The problem is that the clause in the British Irish Agreement that states that people in Northern Ireland have the right to be ‘British, Irish or both,’ hasn’t been implemented into domestic law. The British-Irish Agreement on its own can’t amend the British Nationality Act 1981. The reason for this is grounded in long standing principles of international law and the case law surrounding the royal prerogative.

As the Upper Tribunal stated:

“It would infringe upon parliamentary sovereignty if, by entering into a treaty with a foreign state, the executive branch could thereby change the domestic law of the United Kingdom.”

In considering its judgement, the Upper Tribunal referred to the UK Supreme Court judgment in Miller. In that case, court ruled that the British government couldn’t issue Article 50 without a parliamentary vote.

It’s being reported that lawyers for Emma DeSouza and her husband are considering appealing the decision of the Upper Tribunal. It’s possible that this case could go all the way to the Supreme Court.

How do you solve this? 

It’s going to be difficult to establish a solution to the problem that the DeSouza case creates. Do we create a vacuum where none of us in Northern Ireland are British or Irish unless we declare? Should the Home Office create a separate legal situation for people in Northern Ireland post Brexit to the denigration of people in England, Wales and Scotland? Tinkering with British nationality laws and applying them differently to British citizens in Northern Ireland will cause an uproar and could cause a problem with the Good Friday Agreement.

What is clear is that the situation doesn’t benefit anyone. British citizenship is assumed for people who do not want it. British citizens in Northern Ireland must pick up a pen and sign part of their identity away if they want to be with loved ones. There’s clearly a conflict with the Good Friday Agreement.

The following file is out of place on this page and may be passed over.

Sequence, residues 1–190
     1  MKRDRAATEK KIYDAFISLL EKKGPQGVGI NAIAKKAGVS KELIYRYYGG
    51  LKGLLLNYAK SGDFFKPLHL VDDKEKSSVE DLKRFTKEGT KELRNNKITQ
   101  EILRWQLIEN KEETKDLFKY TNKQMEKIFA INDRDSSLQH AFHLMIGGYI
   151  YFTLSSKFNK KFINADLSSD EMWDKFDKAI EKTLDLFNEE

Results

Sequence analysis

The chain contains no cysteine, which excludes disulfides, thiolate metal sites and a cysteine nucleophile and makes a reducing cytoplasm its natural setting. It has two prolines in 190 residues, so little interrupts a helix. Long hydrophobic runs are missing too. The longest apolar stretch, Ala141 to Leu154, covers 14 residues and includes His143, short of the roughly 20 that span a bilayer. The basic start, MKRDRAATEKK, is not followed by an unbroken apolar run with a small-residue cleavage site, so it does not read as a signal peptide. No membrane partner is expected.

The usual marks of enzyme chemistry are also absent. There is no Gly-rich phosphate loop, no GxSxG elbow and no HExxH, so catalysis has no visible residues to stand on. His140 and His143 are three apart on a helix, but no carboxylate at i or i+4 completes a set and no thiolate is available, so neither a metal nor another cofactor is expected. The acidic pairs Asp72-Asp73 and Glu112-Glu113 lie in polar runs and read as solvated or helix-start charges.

You could be dismissive about this, as many have, and argue that there is a difference between citizenship and identity. I’d say there’s a very fine line between the two.

The issue is about more than citizenship and identity. Last year the British government launched the EU Settlement Scheme, an application process where EU citizens can register to remain in the UK post Brexit. Tied in to the EU Settlement Scheme is the retention of certain EU rights. One of these rights is the ability to apply for a family permit to bring family members to the UK post Brexit. Irish citizens in the Republic of Ireland may have the right to apply for the permit but Irish citizens in NI will not. As a consequence, two tiers of Irish citizenship are being created.

The retention of EU rights post Brexit is tied to Irish citizenship. In the future, Irish citizens in Northern Ireland may have more rights than their British neighbours. Another inequality is being created, another unfairness. One could argue that this is the logical conclusion of Brexit and the United Kingdom’s choice to leave the EU. I’d say our equality laws are important and either they apply to everyone or they don’t.

One thing is sure: a race to the bottom on this issue helps no one. The government has navigated our complicated identity politics with the tact of a drunk tourist in The Crown bar, loudly asking people if they’re Protestant or Catholic while everyone averts their eyes. The law as it stands can’t continue. We all should support Emma. If she succeeds, we all do.

Sarah Creighton is a solicitor and writer from Belfast

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About the author:

Sarah Creighton  / Sarah is a solicitor and writer from Belfast